The U.S. National Climate Assessment
By Jim Buizer, Deputy Director for Climate Adaptation and International Development, Institute of the Environment, University of Arizona and Member, Executive Secretariat, NCADAC
(This article appears in the December, 2011 issue of The ACUPCC Implementer)
Adapting to the impacts of climate changes already underway, and projected to continue to increase over this century, is critical to ensuring that our nation's social and economic sectors can be resilient to these impacts. In recognition of the significance of climate change to the long-term wellbeing of the United States, the Federal Government is currently conducting the Third National Climate Assessment (NCA). The NCA is Congressionally mandated under the Global Change Research Act of 1990 and is to be undertaken approximately every 4 years. Administered by the White House Office of Science and Technology Policy, and with support from the 18-Agency U.S. Global Change Research Program, the NCA is based on both peer-reviewed, scientifically produced knowledge and verifiable experiential knowledge coming from outside the research community. Due at the end of 2013, the report will be a snapshot of what is known about climate change science and impacts. It will shed light on options for adaptation to impacts of climate change; it will also recognize and communicate mitigation activities underway across the nation in order to prevent even greater climatic changes.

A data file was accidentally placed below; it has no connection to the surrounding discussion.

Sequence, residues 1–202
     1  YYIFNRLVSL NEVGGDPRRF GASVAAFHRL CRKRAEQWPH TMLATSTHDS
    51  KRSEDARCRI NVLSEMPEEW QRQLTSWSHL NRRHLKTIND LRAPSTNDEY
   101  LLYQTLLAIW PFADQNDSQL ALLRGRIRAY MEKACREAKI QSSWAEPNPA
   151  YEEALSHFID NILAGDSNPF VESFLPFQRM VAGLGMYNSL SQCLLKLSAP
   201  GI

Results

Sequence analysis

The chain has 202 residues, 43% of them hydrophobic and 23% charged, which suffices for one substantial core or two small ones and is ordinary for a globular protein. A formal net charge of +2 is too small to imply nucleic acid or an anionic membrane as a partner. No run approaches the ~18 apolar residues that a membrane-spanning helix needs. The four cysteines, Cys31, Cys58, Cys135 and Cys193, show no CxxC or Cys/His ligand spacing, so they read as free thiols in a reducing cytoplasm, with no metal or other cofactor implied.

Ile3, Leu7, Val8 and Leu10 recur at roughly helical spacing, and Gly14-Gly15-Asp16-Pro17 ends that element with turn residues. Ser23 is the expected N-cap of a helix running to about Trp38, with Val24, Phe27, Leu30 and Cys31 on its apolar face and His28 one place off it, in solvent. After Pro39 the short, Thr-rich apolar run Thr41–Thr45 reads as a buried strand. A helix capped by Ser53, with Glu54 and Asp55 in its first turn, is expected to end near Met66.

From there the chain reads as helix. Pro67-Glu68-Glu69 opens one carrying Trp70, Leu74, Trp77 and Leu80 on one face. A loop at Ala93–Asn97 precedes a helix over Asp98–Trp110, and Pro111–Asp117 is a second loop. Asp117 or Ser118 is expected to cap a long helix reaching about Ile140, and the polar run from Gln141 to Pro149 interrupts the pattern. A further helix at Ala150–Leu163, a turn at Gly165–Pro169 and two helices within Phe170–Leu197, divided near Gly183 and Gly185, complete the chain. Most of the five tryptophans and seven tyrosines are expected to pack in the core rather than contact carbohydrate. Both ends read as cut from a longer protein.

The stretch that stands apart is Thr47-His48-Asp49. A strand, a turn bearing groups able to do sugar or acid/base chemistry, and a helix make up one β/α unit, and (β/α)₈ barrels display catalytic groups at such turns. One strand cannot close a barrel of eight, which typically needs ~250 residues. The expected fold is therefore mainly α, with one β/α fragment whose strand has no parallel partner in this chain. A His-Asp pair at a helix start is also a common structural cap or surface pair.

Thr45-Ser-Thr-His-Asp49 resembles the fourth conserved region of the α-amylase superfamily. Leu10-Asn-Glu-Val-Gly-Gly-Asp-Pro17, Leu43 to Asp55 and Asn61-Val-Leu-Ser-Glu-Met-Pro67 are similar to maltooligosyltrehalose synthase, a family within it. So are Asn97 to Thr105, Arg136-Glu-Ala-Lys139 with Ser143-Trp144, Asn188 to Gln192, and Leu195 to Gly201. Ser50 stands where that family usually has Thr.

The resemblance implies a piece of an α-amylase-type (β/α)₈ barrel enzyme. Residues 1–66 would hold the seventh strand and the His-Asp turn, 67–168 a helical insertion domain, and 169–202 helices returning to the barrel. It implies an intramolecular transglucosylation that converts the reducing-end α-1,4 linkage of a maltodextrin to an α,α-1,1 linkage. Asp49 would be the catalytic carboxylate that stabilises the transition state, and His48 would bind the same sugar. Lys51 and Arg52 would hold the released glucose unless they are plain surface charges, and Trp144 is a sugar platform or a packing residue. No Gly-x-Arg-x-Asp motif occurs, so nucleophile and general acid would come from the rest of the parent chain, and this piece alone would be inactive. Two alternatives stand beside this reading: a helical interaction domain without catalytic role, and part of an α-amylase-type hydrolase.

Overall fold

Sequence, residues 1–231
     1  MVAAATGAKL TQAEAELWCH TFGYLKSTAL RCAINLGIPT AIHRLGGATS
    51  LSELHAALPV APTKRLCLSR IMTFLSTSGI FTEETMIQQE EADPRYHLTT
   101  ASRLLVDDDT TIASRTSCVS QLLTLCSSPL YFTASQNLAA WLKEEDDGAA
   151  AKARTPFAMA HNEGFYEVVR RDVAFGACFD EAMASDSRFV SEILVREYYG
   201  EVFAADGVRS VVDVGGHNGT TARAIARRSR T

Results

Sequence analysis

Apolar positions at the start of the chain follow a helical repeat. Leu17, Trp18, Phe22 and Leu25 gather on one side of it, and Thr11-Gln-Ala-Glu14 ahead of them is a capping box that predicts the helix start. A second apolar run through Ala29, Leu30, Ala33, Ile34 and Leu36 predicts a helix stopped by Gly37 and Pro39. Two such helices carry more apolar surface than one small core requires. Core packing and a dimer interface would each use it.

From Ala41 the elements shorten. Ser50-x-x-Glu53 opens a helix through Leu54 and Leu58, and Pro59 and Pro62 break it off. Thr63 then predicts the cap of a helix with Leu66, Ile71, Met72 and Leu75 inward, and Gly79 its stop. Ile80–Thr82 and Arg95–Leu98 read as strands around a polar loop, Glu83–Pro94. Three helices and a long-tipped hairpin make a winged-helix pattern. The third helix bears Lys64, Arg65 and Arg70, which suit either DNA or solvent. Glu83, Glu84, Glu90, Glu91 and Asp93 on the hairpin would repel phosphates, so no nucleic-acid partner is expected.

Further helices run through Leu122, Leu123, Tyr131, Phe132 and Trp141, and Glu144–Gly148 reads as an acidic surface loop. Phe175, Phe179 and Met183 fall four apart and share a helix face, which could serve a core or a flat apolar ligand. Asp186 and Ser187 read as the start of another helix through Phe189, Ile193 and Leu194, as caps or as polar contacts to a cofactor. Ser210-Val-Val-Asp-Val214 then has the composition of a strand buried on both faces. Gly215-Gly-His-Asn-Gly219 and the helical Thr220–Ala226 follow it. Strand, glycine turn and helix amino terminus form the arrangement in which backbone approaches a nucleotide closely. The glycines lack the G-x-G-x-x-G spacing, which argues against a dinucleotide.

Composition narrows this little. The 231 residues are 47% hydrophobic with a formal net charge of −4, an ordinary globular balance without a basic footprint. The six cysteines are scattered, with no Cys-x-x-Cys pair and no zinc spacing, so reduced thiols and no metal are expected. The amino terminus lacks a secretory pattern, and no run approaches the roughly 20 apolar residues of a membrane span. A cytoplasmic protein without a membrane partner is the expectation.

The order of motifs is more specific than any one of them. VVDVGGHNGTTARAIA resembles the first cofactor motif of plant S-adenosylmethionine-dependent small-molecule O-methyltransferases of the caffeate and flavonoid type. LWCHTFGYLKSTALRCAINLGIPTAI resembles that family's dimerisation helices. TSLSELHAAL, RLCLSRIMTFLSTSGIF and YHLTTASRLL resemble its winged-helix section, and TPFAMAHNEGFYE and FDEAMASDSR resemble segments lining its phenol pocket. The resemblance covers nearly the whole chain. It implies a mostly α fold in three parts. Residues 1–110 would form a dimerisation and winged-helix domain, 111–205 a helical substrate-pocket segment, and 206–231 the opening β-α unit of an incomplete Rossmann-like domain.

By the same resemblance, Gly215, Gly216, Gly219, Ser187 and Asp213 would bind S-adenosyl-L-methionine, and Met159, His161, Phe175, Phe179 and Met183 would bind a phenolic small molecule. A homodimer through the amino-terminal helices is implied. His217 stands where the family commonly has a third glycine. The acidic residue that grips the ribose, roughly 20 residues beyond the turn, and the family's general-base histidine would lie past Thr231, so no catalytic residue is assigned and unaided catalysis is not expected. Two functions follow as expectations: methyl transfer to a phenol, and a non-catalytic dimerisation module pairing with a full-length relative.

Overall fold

An NCA Office in Washington, D.C. coordinates the activities, and manages the advice and input of a Development and Advisory Committee (NCADAC), consisting of 60 experts appointed and chartered by the Secretary of Commerce, and drawn from academia, federal and state governments, industry and non-governmental associations. In addition to the NCADAC, the Office will rely heavily on input from across the country.
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